Club Elsewhere - Global stories for borderless minds - Rosie Bell Travel Writer - When your travel buddy isn't your significant other - The white temple Thailand

Club Elsewhere - Global stories for borderless minds - Rosie Bell Travel Writer - When your travel buddy isn't your significant other - Kanta Elephant sanctuary Chiang Mai Thailand

Travelling together works because we have common interests and share a similar sense of humour. She’s often got me chuckling and in turn, my “evil laugh” sends her spinning. We egg each other on in the best way possible. Being a notoriously late riser, I need Jess to encourage me to get out of bed to make breakfast on time (or to do anything at all before noon). As best friends we are great travel companions because significant others might not always want to do the same things or understand that sometimes, you really do need to pack 14 bikinis “just in case”. When Jess and I first met, my then-boyfriend Julian wasn’t big on travel (or much that wasn’t football related) so it made perfect sense for Jess to be my travel companion. She and I both share a near-evangelical pursuit of fun and we’ve been on a mission to find it on all corners of the world in unison. The annual trip is a tradition that’s so very ours and significant others simply have to grin and bear it.

Keeping friendship alive

In a decade’s worth of trips together, naturally we have had our share of squabbles and though our interests do tend to collide, we give each other the freedom to do our thing. They say knowing one’s strength is a skill and I’m wise enough to know that I have no business anywhere near a surfboard – for the sake of myself, others and the ocean itself. As a result, Jess had some surf lessons on Playa Remanso in San Juan del Sur while I got down to the serious business of sunset gazing and writing my book, Escape to Self. Our friendship has prevailed through heartbreak, loss and trying upheavals. These life moments have been sweetened by the fact that we always know we have our annual trip to look forward to – and it’s serious business. Skype calls are involved. We have a word document with all the countries and cities we’d like to go to ranked in order of preference as well as a heavily annotated Lonely Planet guidebook. There are also rules for our trips – we can never go to the same destination twice (there’s just so much world to see) and we pay our own way for everything, splitting costs equally. There are also rules on what constitutes one of our annual trips – visiting the other where they live doesn’t count, nor does a trip with other people, like her group bachelorette weekend getaway last year.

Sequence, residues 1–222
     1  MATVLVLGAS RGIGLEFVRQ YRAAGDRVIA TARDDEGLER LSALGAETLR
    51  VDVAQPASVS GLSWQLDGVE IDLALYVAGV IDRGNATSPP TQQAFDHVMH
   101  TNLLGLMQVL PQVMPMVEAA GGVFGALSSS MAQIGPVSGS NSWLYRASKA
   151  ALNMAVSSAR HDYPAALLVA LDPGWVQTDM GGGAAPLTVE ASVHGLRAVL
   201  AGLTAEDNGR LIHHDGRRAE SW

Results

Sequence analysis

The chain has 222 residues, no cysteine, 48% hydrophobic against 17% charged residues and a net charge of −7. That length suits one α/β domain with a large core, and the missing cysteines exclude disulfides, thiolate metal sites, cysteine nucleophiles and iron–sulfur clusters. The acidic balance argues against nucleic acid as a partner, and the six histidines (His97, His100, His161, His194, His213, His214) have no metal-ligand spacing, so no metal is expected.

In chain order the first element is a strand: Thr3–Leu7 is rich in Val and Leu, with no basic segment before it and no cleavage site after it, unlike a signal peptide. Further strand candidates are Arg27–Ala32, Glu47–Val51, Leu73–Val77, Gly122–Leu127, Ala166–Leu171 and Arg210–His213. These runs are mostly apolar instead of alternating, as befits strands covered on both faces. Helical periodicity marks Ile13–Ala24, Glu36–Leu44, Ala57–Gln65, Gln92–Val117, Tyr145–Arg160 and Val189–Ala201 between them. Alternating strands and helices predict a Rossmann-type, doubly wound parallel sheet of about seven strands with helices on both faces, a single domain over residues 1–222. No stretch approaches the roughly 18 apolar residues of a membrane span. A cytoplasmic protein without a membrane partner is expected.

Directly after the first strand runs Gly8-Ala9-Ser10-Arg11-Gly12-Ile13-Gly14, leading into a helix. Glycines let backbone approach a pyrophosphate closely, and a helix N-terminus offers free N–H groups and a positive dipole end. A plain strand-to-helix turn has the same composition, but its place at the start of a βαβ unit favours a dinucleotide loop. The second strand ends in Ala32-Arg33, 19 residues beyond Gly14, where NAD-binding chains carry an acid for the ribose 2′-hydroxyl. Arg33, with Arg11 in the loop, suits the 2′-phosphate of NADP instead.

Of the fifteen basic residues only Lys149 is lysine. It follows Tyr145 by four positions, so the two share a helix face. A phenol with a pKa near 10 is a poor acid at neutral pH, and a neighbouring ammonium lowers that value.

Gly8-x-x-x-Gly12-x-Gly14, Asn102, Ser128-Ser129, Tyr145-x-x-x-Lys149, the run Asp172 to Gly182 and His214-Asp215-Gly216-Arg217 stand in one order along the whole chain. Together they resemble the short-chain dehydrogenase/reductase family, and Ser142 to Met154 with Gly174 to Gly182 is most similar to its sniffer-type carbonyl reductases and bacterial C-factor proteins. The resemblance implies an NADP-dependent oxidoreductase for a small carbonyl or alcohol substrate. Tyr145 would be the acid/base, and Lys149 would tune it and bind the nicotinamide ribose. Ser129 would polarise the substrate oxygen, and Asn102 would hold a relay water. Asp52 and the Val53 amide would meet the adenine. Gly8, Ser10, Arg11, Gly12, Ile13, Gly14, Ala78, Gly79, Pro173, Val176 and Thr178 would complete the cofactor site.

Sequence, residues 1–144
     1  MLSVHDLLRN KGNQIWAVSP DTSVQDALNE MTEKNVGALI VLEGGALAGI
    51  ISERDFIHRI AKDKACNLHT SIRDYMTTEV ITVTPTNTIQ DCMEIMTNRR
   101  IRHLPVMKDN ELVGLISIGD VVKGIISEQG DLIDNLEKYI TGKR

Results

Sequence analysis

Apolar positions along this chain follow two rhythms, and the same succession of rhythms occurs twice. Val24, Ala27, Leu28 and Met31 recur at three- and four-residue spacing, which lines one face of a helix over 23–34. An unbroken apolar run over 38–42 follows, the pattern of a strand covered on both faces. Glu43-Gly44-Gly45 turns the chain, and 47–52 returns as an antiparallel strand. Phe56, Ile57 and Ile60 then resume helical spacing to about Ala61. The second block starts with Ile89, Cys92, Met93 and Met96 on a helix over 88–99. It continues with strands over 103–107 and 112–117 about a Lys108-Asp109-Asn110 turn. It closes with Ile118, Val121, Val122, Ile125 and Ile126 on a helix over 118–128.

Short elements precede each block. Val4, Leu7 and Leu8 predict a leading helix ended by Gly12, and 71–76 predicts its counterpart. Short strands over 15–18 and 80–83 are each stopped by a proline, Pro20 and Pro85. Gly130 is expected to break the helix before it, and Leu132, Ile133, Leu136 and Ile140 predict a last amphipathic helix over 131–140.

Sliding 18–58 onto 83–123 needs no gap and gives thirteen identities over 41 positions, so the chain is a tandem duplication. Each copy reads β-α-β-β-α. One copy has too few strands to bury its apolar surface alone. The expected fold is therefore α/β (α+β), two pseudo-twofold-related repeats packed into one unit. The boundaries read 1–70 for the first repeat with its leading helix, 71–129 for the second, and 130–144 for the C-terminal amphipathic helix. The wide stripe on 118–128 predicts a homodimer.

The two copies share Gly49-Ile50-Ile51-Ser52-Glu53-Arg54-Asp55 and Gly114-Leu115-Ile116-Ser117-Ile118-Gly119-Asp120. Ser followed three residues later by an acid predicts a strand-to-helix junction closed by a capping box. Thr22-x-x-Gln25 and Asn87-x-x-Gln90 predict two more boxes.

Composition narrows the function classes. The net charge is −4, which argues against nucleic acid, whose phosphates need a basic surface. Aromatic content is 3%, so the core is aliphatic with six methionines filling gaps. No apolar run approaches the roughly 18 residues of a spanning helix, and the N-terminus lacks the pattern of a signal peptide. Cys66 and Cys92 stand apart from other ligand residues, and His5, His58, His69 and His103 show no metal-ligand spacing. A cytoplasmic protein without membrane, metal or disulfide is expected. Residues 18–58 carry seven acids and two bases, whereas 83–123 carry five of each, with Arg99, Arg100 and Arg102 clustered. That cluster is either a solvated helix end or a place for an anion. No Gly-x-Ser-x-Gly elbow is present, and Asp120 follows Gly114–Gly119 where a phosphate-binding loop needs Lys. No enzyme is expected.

Today, we know each other inside out, a deepening of a relationship, which travel, unlike no other pastime, fosters. Your relationship is elevated by having such immensely positive experiences but also less favourable ones like when Bali belly strikes and you’re in a small hotel room bathroom with a stadium-worthy echo. Jess knows my flaws and quirks and I sure know hers. Woe betides anyone who chooses to mess with her when hangry or sleep-deprived. She also says “tsk-tsk-tsk-tsk-tsk” when expressing disapproval or disdain and has a seriously no-nonsense policy when it comes to catcalling and sexism. In Portugal, she had some stern words for a man who attempted to grab her rear in a club. She swiftly clutched him by the shirt pointing her finger right in his face and said, “Now, that was the last time you ever do that”. Through the years, we’ve gone from girls to women and even had our share of dubious hairstyles along the way (ok, maybe mostly I have) and I wouldn’t change a second of it. I have found my travel soulmate and when you meet that special someone you never let them go – unless you’re going too.

Club Elsewhere - Global stories for borderless minds - Rosie Bell Travel Writer - When your travel buddy isn't your significant other - Costa Rica Monteverde Cloud Forrest